Air can be insidious and potentially dangerous to the proper operation of a steam heating system. However, in a properly designed system, air can be controlled and for the most part eliminated. Air in a system cannot be totally avoided. It is a natural byproduct of steam generation. It is present during equipment start-up and is often found in feedwater. Air and other non-condensable gases can serve as insulators between the steam and the coil surface, thereby decreasing efficiency. Worse, dissolved carbon dioxide and oxygen in condensate form a corrosive carbonic acid that can eat through pipes and tubes. Therefore, it is extremely important to remove both the air and the condensate from the steam heating system.
The best way to remove condensate is with a properly-applied steam trap. But that doesn’t always take care of air and other gasses. While the thermostatic air vents that are integral to float and thermostatic steam traps work well to remove air and other non-condensables, they are not always enough. It is always advisable to install auxiliary air vents with steam coils. The recommended location for an auxiliary air vent is on the condensate line at the top of a riser located 12 to 18 inches above the bottom of the coil, before the steam trap. In systems that operate at pressures lower than 15 psig the outlet of the air vent should be piped to the condensate return.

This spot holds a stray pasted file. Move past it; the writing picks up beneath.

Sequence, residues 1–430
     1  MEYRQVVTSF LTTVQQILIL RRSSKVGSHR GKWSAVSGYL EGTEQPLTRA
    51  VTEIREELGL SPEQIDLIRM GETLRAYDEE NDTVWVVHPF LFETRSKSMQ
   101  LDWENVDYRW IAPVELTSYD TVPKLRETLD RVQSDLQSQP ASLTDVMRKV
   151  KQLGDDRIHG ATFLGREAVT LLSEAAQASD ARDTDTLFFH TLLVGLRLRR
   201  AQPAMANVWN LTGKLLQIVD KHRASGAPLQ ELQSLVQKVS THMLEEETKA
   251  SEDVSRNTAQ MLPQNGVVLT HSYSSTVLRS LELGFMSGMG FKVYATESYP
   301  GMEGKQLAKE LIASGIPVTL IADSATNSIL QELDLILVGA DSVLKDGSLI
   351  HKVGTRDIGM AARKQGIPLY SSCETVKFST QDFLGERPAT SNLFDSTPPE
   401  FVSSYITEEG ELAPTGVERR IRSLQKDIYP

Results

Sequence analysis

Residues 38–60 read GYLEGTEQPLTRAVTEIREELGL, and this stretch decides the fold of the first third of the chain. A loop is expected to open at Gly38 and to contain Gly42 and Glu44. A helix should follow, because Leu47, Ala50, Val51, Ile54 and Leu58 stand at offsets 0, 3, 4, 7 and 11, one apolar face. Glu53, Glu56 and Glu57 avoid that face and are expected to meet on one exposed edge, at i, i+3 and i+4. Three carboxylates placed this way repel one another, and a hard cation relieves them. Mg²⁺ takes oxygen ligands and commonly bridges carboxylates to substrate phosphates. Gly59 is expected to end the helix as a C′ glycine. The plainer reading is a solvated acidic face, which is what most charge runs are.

Further, all steam coils should have a vacuum breaker installed. Control valves, regulators, isolation valves, and the process of shutting the system down can induce situations wherein coils operate at sub-atmospheric pressures. In this condition coils are subject to collapse, in effect crumbling like a beer can given enough vacuum. To prevent coil collapse and keep condensate moving, vacuum breakers should be utilized. Vacuum breakers can be installed in the piping immediately before the coil or in the condensate line before the steam trap. Whenever steam supply pressure falls below atmospheric the vacuum breaker will open, inducing air into the system and breaking the vacuum. While this may seem counterintuitive, considering the dangers of air in the system, it is much more important to keep everything moving, avoid a potential coil collapse and or frozen coil, and deal with the air through venting.
It is always advisable to work with a steam specialist when installing or replacing steam coils, and when designing and troubleshooting steam systems. RJ Owen Associates has over 30 years mechanical and technical experience and can help with industrial heating ventilation, and process control applications. Contact us for more info.